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Because of how close to the end of the war this issue was released, there are many stories that talk about the aftermath of the war. Both at home and abroad. Just because the war ended didn't mean people didn't care about what was going on in the rest of the world. A major theme to come from this narrative is, of course, the atomic bomb. At the time that this issue was published, it has been less than 3 months since the dropping of the atomic bombs on Hiroshima and Nagasaki. Issues were being thought about immediately after this regarding the bomb, “Who shall control the atomic bomb, manufacture it, or prohibit effectively its use by individual nations” (Borchard 1) A bomb of this size was a huge deal in the world, and that is reflected in this week's issue of LIFE. A story entitled “The Bomb” on page 36 talks about different ways to handle the existence of atomic technology, and the massive destruction it has and would be able to cause in the future (LIFE 36). Although the author in this article comes off as most critical of the atomic bomb, it’s interesting to read how people thought about the bomb at its inception. Another view on the atomic bomb comes on page 45. This article is solely talking about the scientists and the technology used to create the bomb. An interesting few sentences talking about how, unlike previous inventors and scientists that created the means for the destruction of lives, the scientists who worked and developed the atomic bomb are solely and directly responsible for the deaths caused by it (LIFE 45). The article then goes on to talk about how the “secret” of the bomb is not one we can keep for long, and another country finding the formula for a nuclear bomb is inevitable (LIFE 45). An interesting note from both of these stories about the atomic bomb is that people from that time were immediately looking toward the future and recognized how dangerous the bomb was going to be to future generations. This is a reality that we are living in now, and this reality was the first thing that the people of 1945 were thinking about. This is exactly what Borchard was talking about in his 1946 article about the bomb, “We may be sure that if one nation has atomic bombs in its armory, all other self-respecting nations will have atomic bombs in their armories as soon as they can get them” (5). This is almost a word-for-word prediction of what would happen in the future, especially during the cold war between the US and the USSR. The future was uncertain at the time, but the outline was easy to see.

Punishment of the Axis Powers was on everyone's mind after the war. Both in Europe and the US. They had put the world through war for years, now they lost and it was time that they got what was coming to them. This issue of LIFE saw a story that featured the mugshot of 24 Nazi war criminals that were all indicted for war crimes, some of them executed. Two full pages were devoted to showing the mugshots of these 24 men and the crimes that they had committed. In all, there were 13 trials held in Nuremberg in an attempt to hold the Nazis responsible for their actions (Anderson 1). All but the first of these were held only by the Americans(Anderson 1). This shows how much the US really cared about dealing with justice from the war, and it makes you understand why people would want to see 2 pages of evil faces in their favorite magazine. Nazis were not the only axis power that showed up in this issue. A story on page 51 concerned itself with the Japanese “Zaibatsu.” These were the people that were in charge of the Japanese economy and industry (LIFE 51). The article discusses whether or not some guilt should be placed on them for supporting the war economically, and if it is possible to have the Zaibatsu as well a democratic future. The Americans obviously deeply cared about preventing this sort of conflict again in the future, by both holding the aggressors responsible, and discussing who should still be able to hold power in Japan.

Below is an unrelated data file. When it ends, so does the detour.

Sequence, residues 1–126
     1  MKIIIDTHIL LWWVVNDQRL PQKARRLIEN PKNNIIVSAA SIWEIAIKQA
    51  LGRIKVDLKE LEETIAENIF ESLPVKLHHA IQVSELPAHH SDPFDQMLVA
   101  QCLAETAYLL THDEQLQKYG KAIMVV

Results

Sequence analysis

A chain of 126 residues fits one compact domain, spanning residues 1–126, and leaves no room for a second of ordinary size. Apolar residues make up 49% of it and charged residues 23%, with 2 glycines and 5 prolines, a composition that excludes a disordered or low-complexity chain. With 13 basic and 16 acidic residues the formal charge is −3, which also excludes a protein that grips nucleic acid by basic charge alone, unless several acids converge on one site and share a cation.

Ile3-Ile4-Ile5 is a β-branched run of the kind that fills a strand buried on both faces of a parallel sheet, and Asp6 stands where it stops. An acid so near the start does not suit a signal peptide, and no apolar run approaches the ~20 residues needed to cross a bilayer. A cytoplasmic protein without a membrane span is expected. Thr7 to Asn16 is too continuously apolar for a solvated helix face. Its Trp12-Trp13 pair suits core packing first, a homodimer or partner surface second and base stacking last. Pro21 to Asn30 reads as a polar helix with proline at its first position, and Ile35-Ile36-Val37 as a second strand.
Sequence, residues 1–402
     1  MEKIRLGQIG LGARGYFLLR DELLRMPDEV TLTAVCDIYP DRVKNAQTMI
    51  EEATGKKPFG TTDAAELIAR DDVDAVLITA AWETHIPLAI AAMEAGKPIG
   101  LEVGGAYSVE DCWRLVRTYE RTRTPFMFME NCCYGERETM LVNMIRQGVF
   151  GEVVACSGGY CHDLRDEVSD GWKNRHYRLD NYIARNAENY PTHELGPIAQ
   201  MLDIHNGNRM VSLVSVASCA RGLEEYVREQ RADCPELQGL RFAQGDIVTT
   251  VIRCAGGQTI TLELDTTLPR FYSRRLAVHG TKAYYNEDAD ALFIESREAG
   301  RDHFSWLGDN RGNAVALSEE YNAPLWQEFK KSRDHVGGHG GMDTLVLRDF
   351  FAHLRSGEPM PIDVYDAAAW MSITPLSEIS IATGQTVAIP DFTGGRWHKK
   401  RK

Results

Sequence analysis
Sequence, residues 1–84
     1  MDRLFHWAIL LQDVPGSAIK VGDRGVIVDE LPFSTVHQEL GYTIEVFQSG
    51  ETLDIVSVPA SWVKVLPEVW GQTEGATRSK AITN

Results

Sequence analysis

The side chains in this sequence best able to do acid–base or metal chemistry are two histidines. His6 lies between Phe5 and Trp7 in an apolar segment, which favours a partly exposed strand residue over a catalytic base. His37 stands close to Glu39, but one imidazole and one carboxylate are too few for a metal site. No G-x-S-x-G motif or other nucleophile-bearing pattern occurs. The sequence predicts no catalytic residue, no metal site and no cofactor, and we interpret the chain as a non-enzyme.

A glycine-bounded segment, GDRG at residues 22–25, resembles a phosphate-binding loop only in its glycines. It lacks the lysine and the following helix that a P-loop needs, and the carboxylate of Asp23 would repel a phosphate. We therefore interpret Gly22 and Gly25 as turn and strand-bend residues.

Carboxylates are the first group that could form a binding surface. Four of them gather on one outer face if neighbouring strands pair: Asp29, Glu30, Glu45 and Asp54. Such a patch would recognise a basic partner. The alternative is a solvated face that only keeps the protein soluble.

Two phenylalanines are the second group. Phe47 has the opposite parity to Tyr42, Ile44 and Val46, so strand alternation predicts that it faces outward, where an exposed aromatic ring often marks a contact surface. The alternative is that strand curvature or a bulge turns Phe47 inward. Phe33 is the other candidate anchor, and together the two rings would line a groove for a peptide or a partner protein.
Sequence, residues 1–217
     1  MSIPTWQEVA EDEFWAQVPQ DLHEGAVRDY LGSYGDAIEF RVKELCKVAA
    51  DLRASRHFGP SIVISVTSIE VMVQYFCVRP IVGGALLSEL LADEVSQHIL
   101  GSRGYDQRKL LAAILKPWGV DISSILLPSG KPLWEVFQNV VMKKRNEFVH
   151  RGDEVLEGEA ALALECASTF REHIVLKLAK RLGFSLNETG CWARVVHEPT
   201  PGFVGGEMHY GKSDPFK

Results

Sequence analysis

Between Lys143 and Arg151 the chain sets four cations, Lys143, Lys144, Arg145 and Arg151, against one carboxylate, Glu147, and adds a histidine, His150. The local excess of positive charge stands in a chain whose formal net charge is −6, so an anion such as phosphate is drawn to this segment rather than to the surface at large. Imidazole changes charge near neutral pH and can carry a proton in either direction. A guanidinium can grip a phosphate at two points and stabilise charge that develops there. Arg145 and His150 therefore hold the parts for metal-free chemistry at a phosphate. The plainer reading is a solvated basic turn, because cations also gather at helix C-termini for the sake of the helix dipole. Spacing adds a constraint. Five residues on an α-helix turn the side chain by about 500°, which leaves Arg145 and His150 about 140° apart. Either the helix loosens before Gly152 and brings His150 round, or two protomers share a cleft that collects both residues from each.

Throughout this issue of LIFE magazine and the week that it was discussed, we see that America was concerned with a lot of things. They were still in the immediate aftermath of World War 2, and a lot of the stuff going on was new to them. Ads were targeting the babies being born, and who would have thought the end of the war would trigger one of the biggest birth rates jumps in the country's history? Technology was also important to these people, and they wanted to know about all the latest products coming out around the time of the publication of the issue. The atomic bomb had just been dropped. The people living then witnessed and lived through the biggest single manmade destructive event in the history of the world, and it was a scary new technology. Nobody knew what the future would hold regarding nuclear bombs, except how destructive they were and what one could do to a city like New York. They were also concerned about how to handle the people they had just beaten in a war and what to do to minimize the chance of a world war ever happening again. The people in America during the week of October 21st to the 29th were looking towards the future, and what would come next.

Works Cited

  1. What caused the baby boom? (1991). Population Bulletin, 46(3), 3. Retrieved from
  2. LIFE, October 29th, 1945.
  3. Borchard, Edwin. “The Atomic Bomb.” The American Journal of International Law, vol. 40, no. 1, 1946, pp. 161–165. JSTOR,
  4. Anderson, Tim. “Chapter One: Seeking Justice.” Nuremberg Trials, Great Neck Publishing, 2017, p. 1. EBSCOhost,
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Essay on Aftermath of World War 2: The Week of October 29th, 1945. (2023, April 21). Edubirdie. Retrieved March 2, 2024, from
“Essay on Aftermath of World War 2: The Week of October 29th, 1945.” Edubirdie, 21 Apr. 2023,
Essay on Aftermath of World War 2: The Week of October 29th, 1945. [online]. Available at: <> [Accessed 2 Mar. 2024].
Essay on Aftermath of World War 2: The Week of October 29th, 1945 [Internet]. Edubirdie. 2023 Apr 21 [cited 2024 Mar 2]. Available from: